a curious Yankee in Europe's court

blog about living in Europe, and Italy

Net Neutrality: guide to getting it

Posted on the May 5th, 2008

The blog post is aptly titled “Why The ‘Right’ Gets Net Neutrality Wrong,” and it reviews this individual freedom issue both from an historical perspective and as it is today (Art Brodsky, May 2, 2008, Public Knowledge).

The info couldn’t be more timely. Tomorrow, a House subcommittee is scheduled to begin a hearing on Net Neutrality legislation.

An excerpt from Brodsky’s blog:

Perhaps the worst argument from conservatives about Net Neutrality is that “pervasive regulation,” as former FCC Commissioner Rachelle Chong called it, would somehow be such a burden to the poor, deprived telephone and cable companies that their incentives to invest and to innovate would just dry up. Opponents of an open Internet conjure up images of parents unable to protect their children, of government setting up business models, of companies unable to manage their networks.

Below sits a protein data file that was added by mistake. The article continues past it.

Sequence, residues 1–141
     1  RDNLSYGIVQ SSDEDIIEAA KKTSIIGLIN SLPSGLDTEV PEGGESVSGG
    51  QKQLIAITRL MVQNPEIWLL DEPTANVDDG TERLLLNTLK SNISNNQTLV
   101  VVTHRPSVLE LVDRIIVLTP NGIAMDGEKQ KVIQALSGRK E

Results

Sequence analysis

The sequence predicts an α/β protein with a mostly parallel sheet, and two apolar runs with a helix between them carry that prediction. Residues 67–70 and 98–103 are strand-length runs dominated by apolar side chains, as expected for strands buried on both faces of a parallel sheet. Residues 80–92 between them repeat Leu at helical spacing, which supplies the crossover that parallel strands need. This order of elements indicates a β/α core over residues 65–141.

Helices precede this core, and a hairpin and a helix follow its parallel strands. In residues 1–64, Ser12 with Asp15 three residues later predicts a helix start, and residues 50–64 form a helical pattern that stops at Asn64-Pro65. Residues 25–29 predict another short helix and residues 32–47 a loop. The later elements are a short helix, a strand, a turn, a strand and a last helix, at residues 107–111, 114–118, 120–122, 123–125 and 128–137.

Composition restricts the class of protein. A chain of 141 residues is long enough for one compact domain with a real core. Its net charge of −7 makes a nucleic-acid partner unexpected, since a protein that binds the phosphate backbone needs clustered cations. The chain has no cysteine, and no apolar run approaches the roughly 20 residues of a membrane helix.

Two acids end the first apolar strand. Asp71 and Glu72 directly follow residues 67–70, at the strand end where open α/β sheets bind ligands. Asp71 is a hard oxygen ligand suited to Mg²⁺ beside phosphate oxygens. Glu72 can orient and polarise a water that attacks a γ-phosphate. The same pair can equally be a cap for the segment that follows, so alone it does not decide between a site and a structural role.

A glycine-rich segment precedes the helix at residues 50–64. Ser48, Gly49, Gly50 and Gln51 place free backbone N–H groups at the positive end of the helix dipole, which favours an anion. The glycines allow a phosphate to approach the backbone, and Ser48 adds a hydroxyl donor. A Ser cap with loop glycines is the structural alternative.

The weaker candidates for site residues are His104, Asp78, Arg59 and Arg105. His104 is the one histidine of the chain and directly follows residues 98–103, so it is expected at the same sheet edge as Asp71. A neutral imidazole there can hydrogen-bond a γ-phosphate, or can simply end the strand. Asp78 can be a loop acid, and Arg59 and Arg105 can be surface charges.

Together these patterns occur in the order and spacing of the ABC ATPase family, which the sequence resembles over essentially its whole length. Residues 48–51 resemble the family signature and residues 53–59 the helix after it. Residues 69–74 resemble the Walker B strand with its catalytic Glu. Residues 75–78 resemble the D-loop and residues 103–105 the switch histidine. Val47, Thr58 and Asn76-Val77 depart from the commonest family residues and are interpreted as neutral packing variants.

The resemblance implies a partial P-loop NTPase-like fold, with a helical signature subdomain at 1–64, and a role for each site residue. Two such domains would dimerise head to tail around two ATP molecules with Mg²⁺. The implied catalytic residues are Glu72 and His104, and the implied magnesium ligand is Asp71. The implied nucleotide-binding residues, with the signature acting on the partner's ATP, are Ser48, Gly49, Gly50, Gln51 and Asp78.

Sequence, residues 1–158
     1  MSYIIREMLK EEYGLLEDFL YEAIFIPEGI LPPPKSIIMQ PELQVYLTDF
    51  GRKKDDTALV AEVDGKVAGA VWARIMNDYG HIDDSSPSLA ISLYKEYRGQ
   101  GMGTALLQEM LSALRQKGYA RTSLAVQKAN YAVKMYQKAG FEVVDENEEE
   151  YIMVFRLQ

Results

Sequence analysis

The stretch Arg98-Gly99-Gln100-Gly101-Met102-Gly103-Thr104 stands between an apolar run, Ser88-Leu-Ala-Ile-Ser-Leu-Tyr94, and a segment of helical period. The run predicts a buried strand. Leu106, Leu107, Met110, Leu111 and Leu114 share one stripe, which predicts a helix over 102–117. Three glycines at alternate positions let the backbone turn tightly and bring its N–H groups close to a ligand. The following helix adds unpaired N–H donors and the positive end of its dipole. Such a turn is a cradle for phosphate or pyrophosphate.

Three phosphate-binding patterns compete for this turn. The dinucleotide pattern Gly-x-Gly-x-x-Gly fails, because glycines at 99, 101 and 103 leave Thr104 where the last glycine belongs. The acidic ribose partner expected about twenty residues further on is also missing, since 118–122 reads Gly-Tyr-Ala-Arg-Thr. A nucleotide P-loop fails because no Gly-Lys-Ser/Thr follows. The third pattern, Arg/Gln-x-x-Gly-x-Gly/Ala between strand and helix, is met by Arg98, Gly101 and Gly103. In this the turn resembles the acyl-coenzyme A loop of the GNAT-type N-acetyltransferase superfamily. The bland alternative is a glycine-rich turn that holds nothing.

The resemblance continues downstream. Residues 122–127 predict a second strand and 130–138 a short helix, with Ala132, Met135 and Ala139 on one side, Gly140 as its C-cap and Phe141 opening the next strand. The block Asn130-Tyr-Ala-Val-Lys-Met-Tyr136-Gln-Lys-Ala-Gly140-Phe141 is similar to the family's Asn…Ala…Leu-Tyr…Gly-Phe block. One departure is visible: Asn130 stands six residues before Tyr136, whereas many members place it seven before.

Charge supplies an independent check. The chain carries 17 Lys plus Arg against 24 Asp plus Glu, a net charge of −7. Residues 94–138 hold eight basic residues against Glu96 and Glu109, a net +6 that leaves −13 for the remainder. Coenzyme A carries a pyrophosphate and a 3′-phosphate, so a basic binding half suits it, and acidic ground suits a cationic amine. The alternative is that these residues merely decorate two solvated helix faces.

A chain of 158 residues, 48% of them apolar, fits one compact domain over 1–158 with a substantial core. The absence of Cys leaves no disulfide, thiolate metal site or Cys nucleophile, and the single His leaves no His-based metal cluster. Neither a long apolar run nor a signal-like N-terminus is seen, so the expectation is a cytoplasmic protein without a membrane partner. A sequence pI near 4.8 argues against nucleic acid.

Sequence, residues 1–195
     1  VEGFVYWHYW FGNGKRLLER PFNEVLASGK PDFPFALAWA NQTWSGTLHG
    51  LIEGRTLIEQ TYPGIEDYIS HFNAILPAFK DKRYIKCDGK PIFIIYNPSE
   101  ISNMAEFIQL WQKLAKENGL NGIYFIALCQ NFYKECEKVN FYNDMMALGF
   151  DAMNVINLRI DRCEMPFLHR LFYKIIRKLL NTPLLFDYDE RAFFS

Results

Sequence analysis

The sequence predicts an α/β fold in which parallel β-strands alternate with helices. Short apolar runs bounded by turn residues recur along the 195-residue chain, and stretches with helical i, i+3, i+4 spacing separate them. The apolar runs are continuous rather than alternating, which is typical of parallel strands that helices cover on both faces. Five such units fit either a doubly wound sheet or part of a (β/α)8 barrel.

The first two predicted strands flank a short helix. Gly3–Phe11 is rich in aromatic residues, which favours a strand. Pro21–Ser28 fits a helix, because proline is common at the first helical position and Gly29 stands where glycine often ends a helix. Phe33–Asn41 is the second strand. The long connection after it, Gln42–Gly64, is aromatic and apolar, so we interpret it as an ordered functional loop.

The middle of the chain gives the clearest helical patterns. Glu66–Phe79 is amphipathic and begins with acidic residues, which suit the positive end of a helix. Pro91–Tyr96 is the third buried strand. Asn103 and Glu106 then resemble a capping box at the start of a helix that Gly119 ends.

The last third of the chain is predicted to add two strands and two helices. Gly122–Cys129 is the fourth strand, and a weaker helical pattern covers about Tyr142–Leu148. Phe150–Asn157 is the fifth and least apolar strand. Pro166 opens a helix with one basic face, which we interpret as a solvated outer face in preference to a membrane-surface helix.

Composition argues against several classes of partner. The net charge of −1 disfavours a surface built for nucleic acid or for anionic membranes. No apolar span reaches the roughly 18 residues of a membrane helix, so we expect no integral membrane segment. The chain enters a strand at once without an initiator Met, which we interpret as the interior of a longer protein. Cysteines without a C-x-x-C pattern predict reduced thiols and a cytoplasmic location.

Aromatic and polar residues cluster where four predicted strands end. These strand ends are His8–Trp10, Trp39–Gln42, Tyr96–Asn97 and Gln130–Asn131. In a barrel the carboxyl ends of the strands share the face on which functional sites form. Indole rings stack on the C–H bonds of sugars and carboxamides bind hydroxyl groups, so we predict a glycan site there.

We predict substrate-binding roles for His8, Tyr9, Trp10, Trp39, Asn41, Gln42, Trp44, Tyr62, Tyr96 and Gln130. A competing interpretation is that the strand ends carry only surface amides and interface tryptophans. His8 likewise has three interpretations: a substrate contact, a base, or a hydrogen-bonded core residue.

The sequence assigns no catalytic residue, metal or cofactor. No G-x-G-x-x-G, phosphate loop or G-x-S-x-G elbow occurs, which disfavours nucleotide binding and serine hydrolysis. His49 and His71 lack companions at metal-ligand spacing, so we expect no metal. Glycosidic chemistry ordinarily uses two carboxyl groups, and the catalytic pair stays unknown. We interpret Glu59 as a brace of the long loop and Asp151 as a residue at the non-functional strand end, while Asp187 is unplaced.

Those tired-winged canards don’t quack here. Net Neutrality is neither pervasive nor burdensome. It allows for innovation and investment. It allows for telephone companies to sell different levels of service to different customers. Parents can still protect their children. What it doesn’t allow is discrimination. That’s why Michele Combs from the Christian Coalition supports an open Internet, and she is brave and correct to do so in the face of uninformed criticism of her fellow “conservatives.”

Read more here.

(I found the link to the article on The Huffington Post)

Reader Comments (0) Comments Off on Net Neutrality: guide to getting it